Reason, “New Report Blows the Lid Off America’s Recent History of Torture,” Sheldon Richman, 5 May 2013:
“A nonpartisan, independent review of interrogation and detention programs in the years after the Sept. 11, 2001, terrorist attacks concludes that ‘it is indisputable that the United States engaged in the practice of torture’ and that the nation’s highest officials bore ultimate responsibility for it.”
So began a page-one story in The New York Times that should have dominated public discussion for days and begun the process of coming to terms with this shameful chapter in American history. Unfortunately, the story ran April 16, the day after the Boston Marathon bombing, and thus got little notice. And just as attention on Boston was waning, the George W. Bush Library and Museum was dedicated in Dallas. Unsurprisingly, neither President Obama nor the ex-presidents assembled to celebrate the event (and the Bush administration), mentioned this “nonpartisan, independent review.”
By contrast, see what the more recent McClatchy leak said:
A completely different narrative.
Boston Marathon Bombing
Additional possible connection, former CIA officer Graham Fuller was for a time the Tsarnaev brothers’ great uncle by marriage. Note that Fuller worked in Afghanistan in the 80s, where Al Qaeda was formed:
Boiling Frogs Post, “Boston and the CIA ‘Snafu’ Part II: CIA’s Graham Fuller-A Deep State Rogue,” William Engdahl, 22 May 2013:
The open press statement of denial by senior reportedly former CIA official Graham Fuller in April of a link between the Boston Bombings and the CIA, labeling the reports absurd, may go down in history as one of the worst intelligence blunders in the past century. The public admission by Fuller, on a website reported tied to the CIA, of his relationship to the Uncle of the alleged but not ever convicted Boston bombers  opened a can of worms the CIA might well wish never had been opened.
In the first part, we discussed the role of CIAs Fuller in creating the policy of using angry Jihadist Muslims as trained terrorists in Afghanistan and elsewhere against the Soviet Union.
Appears Boston attacks may have been a false flag operation in order to intimidate and distract from the story laying torture at the feet of high-ranking US officials until such time CIA could alter the picture and make it seem as if a few rogue elements within the Agency were responsible.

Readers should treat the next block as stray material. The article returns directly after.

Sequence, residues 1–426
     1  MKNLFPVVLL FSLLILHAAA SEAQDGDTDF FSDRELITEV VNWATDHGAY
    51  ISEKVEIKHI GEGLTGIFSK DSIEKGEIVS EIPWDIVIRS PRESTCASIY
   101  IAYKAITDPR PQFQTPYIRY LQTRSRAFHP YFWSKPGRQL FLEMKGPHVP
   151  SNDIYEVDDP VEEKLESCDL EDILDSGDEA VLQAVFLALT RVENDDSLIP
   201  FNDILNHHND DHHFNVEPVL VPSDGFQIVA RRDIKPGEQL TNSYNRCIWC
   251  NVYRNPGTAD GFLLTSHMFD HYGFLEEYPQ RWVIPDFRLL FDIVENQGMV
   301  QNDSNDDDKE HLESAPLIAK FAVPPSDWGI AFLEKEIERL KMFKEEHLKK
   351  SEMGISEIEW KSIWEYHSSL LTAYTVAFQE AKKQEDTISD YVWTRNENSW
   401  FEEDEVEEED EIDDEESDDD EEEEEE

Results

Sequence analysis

History Commons “Prisoner Abuse in Iraq, Afghanistan, and Elsewhere” Timeline:
HuffPo, “Penny Lane: Secret CIA Guantanamo Facility Trained Prisoners To Be Double Agents,” Adam Goldman, Matt Apuzzo, 26 November 2013:
Nearly a dozen current and former U.S officials described aspects of the program to The Associated Press. All spoke on condition of anonymity because they were not authorized to discuss the secret program publicly by name, even though it ended in about 2006.
Described as bribery, but I have serious doubts about the veracity of that implication. That those promises were made to reinforce the breakdown of personality sounds plausible. That it was all “carrot” and no brainwashing “stick,” does not.
Truth-Out, “A Guantanamo Connection? Documents Show CIA Stockpiled Antimalaria Drugs as ‘Incapacitating Agents’,” Jeffrey Kaye, 6 June 2012:
The revelation concerning cinchonine came from hearings the Senate’s Church Committee held in September 1975 on CIA “Unauthorized Storage of Toxic Agents.” The agency’s illegal stockpile of chemicals and drugs, which included the antimalarial drug cinchonine, was supposed to have been destroyed by order of President Nixon in December 1969.
Truth-Out, “EXCLUSIVE: Controversial Drug Given to All Guantanamo Detainees Akin to ‘Pharmacologic Waterboarding’,” Jason Leopold and Jeffrey Kaye, 1 December 2010: